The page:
An alternative theory of an ancient origin for all coronaviruses has recently been proposed that involves an alternative evolutionary molecular clock analysis, which places the most recent common ancestor many millions of years ago (14). The discovery of Mystacina bat CoV/New Zealand/2013 virus could lend support to such a theory; despite potentially millions of years of isolation, it has diverged relatively little from other extant alphacoronaviruses, as shown by the close relationship of the Rdrp and spike protein genes to those of other extant alphacoronaviruses (Figures 1, 2). An expanded survey for Mystacina bat coronavirus in mammals in New Zealand and subsequent characterization of viral genomes would provide further insights into the origin of coronaviruses.
No instances of human zoonotic disease from New Zealand bat species have been reported. Only a small number of conservation staff handle these bats, these staff use standard personal protective equipment and work practice. Staff are also offered prophylactic rabies vaccination as a precautionary measure, even though New Zealand is free from rabies. The genus Alphacoronavirus includes several human and animal pathogens, but on the basis of phylogenetic data in this study, it is not possible to estimate the risk posed by Mystacina bat coronavirus to human or animal health.
New Zealand is not considered a hot spot for emerging infectious diseases. This country is free from many human and animal diseases, such as rabies and foot-and-mouth disease, and infections with human arboviruses because of recent colonization by humans and strict biosecurity border controls (15). Thus, indigenous wildlife in New Zealand has generally been viewed as an almost sterile and unique biosphere. Given detection of this coronavirus, more thorough characterization of the ecology of viruses and other microorganisms in native wildlife should be considered to fulfill conservation needs and further safeguard human and domestic animal health against cross-species transmission.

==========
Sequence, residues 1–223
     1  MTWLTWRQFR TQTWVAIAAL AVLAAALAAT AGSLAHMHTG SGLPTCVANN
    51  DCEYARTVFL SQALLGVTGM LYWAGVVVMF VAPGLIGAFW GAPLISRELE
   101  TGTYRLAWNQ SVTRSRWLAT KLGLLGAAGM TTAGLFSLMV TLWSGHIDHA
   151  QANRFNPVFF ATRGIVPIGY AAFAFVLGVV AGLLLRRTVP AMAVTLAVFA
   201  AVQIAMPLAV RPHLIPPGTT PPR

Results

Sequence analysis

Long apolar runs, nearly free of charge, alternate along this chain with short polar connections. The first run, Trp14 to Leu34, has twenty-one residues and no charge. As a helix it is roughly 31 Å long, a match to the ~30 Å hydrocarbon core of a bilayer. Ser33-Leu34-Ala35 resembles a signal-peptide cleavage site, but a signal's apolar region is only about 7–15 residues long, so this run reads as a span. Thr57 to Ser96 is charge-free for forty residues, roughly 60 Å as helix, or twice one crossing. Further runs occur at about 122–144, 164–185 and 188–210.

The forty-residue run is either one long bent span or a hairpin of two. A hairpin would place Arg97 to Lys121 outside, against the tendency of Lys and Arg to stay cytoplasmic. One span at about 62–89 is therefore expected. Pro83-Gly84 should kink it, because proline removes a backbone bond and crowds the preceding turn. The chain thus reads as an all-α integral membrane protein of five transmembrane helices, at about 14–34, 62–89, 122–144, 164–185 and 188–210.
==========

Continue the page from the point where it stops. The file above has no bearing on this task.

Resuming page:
Dr Hall is a virologist at the Institute of Environmental Science and Research based at the National Centre for Biosecurity and Infectious Disease in Upper Hut, New Zealand. His primary research interest is discovery of new viruses that cause human and animal disease through application of new sequencing technologies.
We thank Malcolm Rutherford and Peter McLelland for collecting samples; Thomas Briese, Ian Lipkin, and Richard Webby for providing guidance and inspiration for this study; New Zealand Genomics Ltd. for providing sequencing services; and New Zealand e-Science Infrastructure for providing high-performance computing resources.
This study was supported by the Crown Research Institute Capability Fund from the New Zealand Ministry for Business, Innovation, and Employment.
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Table of Contents – Volume 20, Number 4—April 2014
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Please use the form below to submit correspondence to the authors or contact them at the following address:
Richard J. Hall, Institute of Environmental Science and Research, National Centre for Biosecurity and Infectious Disease, PO Box 40158, Upper Hutt 5140, New ZealandRichard J. Hall, Institute of Environmental Science and Research, National Centre for Biosecurity and Infectious Disease, PO Box 40158, Upper Hutt 5140, New Zealand